20 of 2018

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Newsletter No. 20                                                                                                           01 June  2018

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TFG to add six stores in Australia in October

By Nick Hedley

Picture Katherine Muick-Mere

The TFG Australia business is performing better than expected, says CEO Doug Murray.

TFG plans to open six stores in Australia under one of its South African brands in October, says group CEO Doug Murray.

“For competitive reasons, we’re not saying which [brand], but we’ve already got stores signed up,” Murray, who will step down as CEO in September, told Business Day.

The TFG Australia business, which comprises the recently acquired Retail Apparel Group (RAG) and some G-Star Raw outlets, was performing better than expected and new stores were planned, Murray said.

“RAG is really trading well…. For the eight months we had it, turnover growth was up just over 14%,” he said. Trading since the end of TFG’s financial year to March had been “ahead of expectation – and we expected a similar level of growth”.

“So we’re very thrilled with RAG’s results, and that’s not driven by any obscene markdowns. Gross profit is growing at a faster rate.”

The owner of the Markham and Foschini brands said on Thursday group turnover rose 21.4% to R28.6bn in the year ended March. Headline earnings were up 9.6% at R2.5bn.

However, the group’s share price closed 7.4% lower at R180 as the result was below market expectations, said Bjorn Samuels, an equity analyst at Argon Asset Management.

Meanwhile, Murray said TFG London, which includes Phase Eight, Whistles and the recently acquired Hobbs brand, was “running ahead of our expectations as well”.

“Their big focus this year is now getting shared services across the three brands and getting a TFG London platform. That will put us in a position where, like in SA or Australia, bolt-on acquisitions will be very doable. In the UK, once we get the back office platform in place, and that’s started, there’s a lot of good businesses and brands there that we can bring our model to.”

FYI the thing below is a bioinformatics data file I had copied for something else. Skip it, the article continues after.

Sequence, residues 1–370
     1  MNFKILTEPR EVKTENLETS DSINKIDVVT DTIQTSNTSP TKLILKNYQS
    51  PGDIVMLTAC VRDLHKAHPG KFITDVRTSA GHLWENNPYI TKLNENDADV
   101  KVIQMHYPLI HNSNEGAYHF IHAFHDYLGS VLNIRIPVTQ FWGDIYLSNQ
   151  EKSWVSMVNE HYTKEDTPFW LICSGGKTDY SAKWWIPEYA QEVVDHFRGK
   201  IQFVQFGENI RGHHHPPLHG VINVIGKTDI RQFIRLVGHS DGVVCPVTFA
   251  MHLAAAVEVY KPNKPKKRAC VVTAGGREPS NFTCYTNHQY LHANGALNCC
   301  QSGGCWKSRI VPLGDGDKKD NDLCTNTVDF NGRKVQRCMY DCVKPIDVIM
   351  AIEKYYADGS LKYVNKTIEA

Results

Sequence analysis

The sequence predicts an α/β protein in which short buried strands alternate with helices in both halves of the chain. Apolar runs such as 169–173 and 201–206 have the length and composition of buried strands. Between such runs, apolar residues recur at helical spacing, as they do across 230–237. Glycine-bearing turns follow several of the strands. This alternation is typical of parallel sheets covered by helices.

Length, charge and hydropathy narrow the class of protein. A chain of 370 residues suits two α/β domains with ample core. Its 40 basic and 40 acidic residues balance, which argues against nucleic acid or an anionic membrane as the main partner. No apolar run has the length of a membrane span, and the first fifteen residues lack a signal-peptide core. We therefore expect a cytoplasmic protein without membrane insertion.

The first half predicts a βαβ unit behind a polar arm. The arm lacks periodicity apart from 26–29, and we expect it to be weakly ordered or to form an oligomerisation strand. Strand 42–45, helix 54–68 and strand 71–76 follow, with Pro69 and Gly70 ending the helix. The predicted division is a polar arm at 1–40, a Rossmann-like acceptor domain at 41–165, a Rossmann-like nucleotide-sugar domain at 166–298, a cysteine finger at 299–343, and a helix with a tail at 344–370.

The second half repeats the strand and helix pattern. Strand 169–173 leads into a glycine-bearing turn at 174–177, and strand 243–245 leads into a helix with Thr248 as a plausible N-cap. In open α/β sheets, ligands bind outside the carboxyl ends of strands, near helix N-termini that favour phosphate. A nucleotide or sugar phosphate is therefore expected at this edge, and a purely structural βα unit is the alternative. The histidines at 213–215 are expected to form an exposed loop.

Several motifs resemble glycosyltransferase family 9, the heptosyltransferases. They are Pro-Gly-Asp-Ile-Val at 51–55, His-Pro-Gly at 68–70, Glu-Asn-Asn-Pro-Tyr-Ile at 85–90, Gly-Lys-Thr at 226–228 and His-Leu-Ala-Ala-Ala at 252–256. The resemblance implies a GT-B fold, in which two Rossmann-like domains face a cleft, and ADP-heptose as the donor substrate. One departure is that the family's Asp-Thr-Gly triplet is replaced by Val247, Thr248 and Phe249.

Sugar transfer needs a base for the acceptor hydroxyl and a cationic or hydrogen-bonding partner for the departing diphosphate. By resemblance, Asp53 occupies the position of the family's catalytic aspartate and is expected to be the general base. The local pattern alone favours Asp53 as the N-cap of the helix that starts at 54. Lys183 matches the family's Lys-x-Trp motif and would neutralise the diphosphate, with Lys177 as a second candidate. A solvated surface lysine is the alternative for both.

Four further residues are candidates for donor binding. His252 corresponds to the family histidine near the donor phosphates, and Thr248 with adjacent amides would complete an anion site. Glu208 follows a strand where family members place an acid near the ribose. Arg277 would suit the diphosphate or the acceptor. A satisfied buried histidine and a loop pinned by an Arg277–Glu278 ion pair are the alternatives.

Murray said online sales now contributed 33% of TFG London’s sales, 3.5% of sales in Australia and just 1% of sales in SA.

The group aimed to “digitise” the South African business by boosting online sales and using technology to have “a single view of the customer”, in addition to other uses. Online sales in SA could reach “5% to 10% over the next few years”.

Samuels said TFG Africa’s clothing division was performing better than its listed peers, and the recent court ruling concerning SA’s affordability regulations could boost credit growth at TFG Africa.

“We believe TFG is the better positioned apparel retailer in SA, given its diverse portfolio of brands which serves customers across the various [living standards] groupings,” he said. Business Day

New cotton ginnery to come up in Kenya’s Kwale country

A cotton ginnery is going to come up at a cost of Ksh 90 million (approximately $886,000) at Kinondo village in Kwale county in Kenya. It aims to revive the country’s’s cotton industry by improving farming, ginning and garment production. Base Titanium Limited will construct the ginnery with the help of the Kwale Pamba Viazi (PAVI) farmers cooperative society.

The ginnery has been launched by Adan Mohamed, cabinet secretary for industry, trade and cooperatives. It will feature 6 gins with a capacity to process up to 1,800 kg of cotton per day and capable of producing about 600 kg of lint each. The unit is expected to process cotton produced by over 10,000 farmers by the end of next year.

The business centre in which the ginnery is located will also have offices, warehouses, manufacturing and distribution facilities, storage facilities, demonstration plants and more.

Base’s cotton programme has been implemented by Business for Development, and it has partnered with Cotton On, an Australian apparel company, that purchases cotton from PAVI cooperative which is meant to organise and support farmers participating in agricultural livelihood programmes, said a Kenyan broadcasting service.

Kenya has a potential to produce 700,000 bales of lint through rain-fed cotton production and close to 200,000 bales of lint through cotton grown on irrigated land, annually, as per the ministry of agriculture of the country. However, the country only produces 20,000 bales of lint every year. The number of cotton farmers in the country has also gone down from 200,000 in 1980s to 30,000 now.

Kenya imports 80 per cent of the lint for its domestic requirement while the country’s ginning machines and textile mills operate under capacity.

Replicating the Kwale ginnery in other cotton producing areas of Kenya can lead to a generation of 760,000 new jobs in the cotton value chain F2F